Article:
March 20, 2019 by The Citron Review
At the end of a long winter, we often understandably long for spring.
But in our lust for relief from the ice we just as often forget how painful a spring thaw can be, a truth I’ve found inescapable since immigrating to Canada.
In South Georgia, where I was teaching before I met my Canadian spouse, springs were long luxurious things that began sometimes as early as February and gently deposited you months later in late May, tan-ready for Florida panhandle beaches.
In Newfoundland and Montréal I have found there can be moments of raw bliss in Spring—my wife shouting over the phone about the whales she could see coming into the bay, only recently freed from pack ice, to calve below our house last year, for instance—and there can also be moments of sheer, utter misery. In fact, my Newfoundland-born spouse often calls Spring misery, and on Newfoundland using that emotion to name an entire season feels all too appropriate: those rainy, windy, snowy, blizzardy, torturous island months waiting for summer to come.
In May of 2016 I staggered through the Newfoundland wind and rain, helping my wife, her sister, and her cousins carry their grandmother’s coffin to its final resting place. These grieving granddaughters all wore selected pieces of the bold jewelry their grandmother had worn in life, a tribute to her feminine defiance of small town norms, while their small children—their grandmother’s great-grandchildren—gazed at us struggling through that terrible rite of spring, wearing thick coats and rubber boots.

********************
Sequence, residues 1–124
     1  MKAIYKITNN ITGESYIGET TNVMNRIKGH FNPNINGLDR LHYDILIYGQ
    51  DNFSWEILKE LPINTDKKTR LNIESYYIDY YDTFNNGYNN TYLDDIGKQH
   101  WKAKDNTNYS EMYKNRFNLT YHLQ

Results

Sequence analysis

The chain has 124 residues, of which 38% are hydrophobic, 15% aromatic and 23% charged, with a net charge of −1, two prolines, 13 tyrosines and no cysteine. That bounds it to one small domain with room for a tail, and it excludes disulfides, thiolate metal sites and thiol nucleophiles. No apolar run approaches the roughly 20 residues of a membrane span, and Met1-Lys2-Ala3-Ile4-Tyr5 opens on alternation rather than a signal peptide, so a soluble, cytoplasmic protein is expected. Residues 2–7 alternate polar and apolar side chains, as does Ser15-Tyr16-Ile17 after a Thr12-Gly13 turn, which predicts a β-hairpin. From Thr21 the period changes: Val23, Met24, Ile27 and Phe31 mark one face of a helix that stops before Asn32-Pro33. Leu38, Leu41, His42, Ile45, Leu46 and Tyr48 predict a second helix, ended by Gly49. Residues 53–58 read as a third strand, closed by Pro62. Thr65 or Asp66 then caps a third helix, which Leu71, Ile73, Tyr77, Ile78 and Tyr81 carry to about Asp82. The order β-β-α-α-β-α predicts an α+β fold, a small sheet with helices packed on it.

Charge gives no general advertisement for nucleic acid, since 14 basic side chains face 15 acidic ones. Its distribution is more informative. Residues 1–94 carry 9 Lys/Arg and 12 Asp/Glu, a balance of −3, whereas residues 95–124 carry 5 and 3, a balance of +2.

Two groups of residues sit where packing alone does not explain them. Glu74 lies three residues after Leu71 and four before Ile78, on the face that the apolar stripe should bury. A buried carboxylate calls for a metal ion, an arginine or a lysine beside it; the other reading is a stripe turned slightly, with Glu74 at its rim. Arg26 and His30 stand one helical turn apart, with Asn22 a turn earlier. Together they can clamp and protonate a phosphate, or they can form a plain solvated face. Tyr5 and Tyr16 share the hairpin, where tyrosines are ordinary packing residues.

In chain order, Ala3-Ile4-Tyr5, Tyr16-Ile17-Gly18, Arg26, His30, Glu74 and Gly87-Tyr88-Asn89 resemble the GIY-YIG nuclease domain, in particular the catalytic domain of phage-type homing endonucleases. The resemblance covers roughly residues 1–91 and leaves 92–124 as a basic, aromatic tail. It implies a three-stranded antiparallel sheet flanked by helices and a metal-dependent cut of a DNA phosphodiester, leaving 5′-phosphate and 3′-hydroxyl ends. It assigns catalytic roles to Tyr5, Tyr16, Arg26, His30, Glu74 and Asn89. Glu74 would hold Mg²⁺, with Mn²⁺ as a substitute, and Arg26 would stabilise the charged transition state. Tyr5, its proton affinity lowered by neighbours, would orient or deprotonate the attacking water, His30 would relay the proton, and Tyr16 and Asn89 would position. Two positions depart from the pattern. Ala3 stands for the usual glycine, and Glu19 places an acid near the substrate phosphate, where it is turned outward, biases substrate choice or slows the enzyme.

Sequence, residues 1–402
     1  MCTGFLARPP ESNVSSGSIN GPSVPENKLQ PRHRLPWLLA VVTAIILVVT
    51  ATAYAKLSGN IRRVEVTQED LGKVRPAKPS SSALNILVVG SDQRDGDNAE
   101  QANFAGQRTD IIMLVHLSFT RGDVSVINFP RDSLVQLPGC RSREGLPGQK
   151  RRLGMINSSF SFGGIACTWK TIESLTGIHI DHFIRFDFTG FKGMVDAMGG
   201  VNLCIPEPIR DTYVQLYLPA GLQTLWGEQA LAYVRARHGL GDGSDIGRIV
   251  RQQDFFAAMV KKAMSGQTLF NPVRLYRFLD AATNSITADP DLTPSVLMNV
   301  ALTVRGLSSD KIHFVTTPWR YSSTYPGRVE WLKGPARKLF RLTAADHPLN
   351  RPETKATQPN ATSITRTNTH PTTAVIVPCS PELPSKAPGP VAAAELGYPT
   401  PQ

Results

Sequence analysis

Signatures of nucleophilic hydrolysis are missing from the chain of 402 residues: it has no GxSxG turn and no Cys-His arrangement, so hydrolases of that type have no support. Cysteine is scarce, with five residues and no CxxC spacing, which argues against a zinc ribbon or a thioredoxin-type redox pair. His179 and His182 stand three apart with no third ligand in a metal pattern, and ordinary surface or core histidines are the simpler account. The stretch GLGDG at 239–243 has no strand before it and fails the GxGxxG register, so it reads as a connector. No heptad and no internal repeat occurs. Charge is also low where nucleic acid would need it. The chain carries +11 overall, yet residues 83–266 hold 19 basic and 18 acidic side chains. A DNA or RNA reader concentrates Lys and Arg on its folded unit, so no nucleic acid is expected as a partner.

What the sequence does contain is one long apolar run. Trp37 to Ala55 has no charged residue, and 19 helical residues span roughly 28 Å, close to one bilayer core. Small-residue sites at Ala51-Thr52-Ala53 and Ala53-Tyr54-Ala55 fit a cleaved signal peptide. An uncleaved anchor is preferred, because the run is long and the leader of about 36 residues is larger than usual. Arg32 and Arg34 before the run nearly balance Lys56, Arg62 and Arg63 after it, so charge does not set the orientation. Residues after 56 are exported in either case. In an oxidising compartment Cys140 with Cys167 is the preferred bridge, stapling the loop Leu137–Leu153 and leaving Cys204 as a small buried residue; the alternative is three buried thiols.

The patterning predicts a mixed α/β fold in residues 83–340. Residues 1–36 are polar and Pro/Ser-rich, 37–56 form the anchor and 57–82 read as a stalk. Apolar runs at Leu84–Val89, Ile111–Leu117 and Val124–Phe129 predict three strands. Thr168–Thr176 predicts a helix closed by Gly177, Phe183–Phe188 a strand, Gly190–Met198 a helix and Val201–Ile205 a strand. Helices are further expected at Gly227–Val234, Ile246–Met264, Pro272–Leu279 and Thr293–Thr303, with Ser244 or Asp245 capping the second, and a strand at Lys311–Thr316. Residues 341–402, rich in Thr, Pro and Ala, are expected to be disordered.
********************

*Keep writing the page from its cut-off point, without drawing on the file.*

Here in Montréal my little boy and I wait impatiently for Parc Lafontaine to thaw out of the ice it feels permanently encased in, so that we can play, so that he can chase squirrels, and I can read Russian novels about death and existential crisis in the sun.
The creative nonfiction pieces we’ve chosen for this Spring issue are about pain, they are about grief, and they are, in a strange way, about rebirth. The sudden death of a mother, a woman interviewing grieving families about the unimaginable deaths of their children, a man struggling with his boy hood role in the death of other creatures, and a woman channeling the pain of others: all of these pieces are rooted in death, destruction, and grief.
But I can also say that I found the pieces hopeful, because the pieces were about confronting pain, and embracing the growth that comes with it. Perhaps they are, as the poet Gerard Manley Hopkins told us, struggling with the “I can no more,” and finding your way, however painfully, to the “I can/Can something, hope, wish day come, not choose not to be.” Even as we grieve and struggle with these writers, we rejoice in their honesty and their bravery.
Please enjoy our selections for the 2019 Spring Creative Nonfiction portion of The Citron Review.
Nathan R. Elliott
Creative Nonfiction Editor
The Citron Review